Matthew Snyder and the more than 5,000 American men and women in uniform like him who have died so far in Iraq and Afghanistan gave their lives for these principles, chief among them to keep America free. However, keeping America free means more than just fighting on a battlefield in service to one’s country. It means upholding the Constitution and protecting the free speech rights of extremists like Fred Phelps who, right or wrong, are vocal in their criticism of the military and American values.
If we’re not fighting to keep America free for Fred Phelps and other free speech extremists like him—if all we’re fighting for in this endless war on terror is some misguided sense of patriotism (and that’s all it really boils down to when you study these briefs in support of Snyder), then we’re fighting for the wrong thing. You might as well toss the Constitution in the trash can and usher in a military state where it will be against the law to criticize those in power. Rest assured, that’s what we will eventually be faced with if the Supreme Court does not draw a protective bright line around free speech—including speech that is politically incorrect and unpopular.
Inevitably, free speech is going to be unpleasant to most people, but it goes hand-in-hand with maintaining freedom in America. James Madison, who authored the First Amendment, noted that the purpose of the Amendment was to protect the minority against the majority. And as Madison knew very well, the minority is made up of extremists who spew forth with offensive speech. When we allow outside concerns to trump the First Amendment—whether it be military values, political correctness, a misguided form of patriotism, or a combination of all three as in this case—we slam the door on open debate and dialogue. And when that door shuts and people are intimidated into silence without a public outlet for their thoughts, hateful or otherwise, those thoughts are left to fester in secret. This is where most violent acts are born. And that is why the First Amendment in its protection of speech is so important. It acts as a steam valve to let those who hate release their pent-up anger in public.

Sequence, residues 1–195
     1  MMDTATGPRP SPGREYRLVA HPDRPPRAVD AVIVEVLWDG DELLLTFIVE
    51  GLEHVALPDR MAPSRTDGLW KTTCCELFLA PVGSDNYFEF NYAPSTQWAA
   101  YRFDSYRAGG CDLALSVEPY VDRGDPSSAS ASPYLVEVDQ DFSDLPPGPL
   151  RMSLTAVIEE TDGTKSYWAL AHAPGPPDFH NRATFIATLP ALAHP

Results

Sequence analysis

The Phelps case illustrates how far we’ve fallen as a free society. In fact, the backlash against Westboro Baptist Church and its followers is a manifestation of our politically correct society’s constant attempts to control those who persist in acting as if we live in a free society. Censoring unpopular speech sends the message that if we don’t toe the line, our lives can and will be controlled by the government. As a consequence, it not only destroys freedom, it tells us that we can’t think for ourselves, we can’t hold certain views, and we can’t speak freely. But the First Amendment is supposed to protect against this kind of mob mentality.
America once symbolized the very essence of free speech, where society’s most arduous and insidious ideas could be put to the test in what Justice Oliver Wendell Holmes termed the “free marketplace of ideas.” Today, however, we have been captured by the chains of political correctness and an emerging war empire. And if we do not throw off these chains, we will bury freedom along with our fallen soldiers.
Constitutional attorney and author John W. Whitehead is founder and president of The Rutherford Institute. His book The Change Manifesto (Sourcebooks) is available in bookstores and online. He can be contacted at firstname.lastname@example.org. Information about The Rutherford Institute is available at www.rutherford.org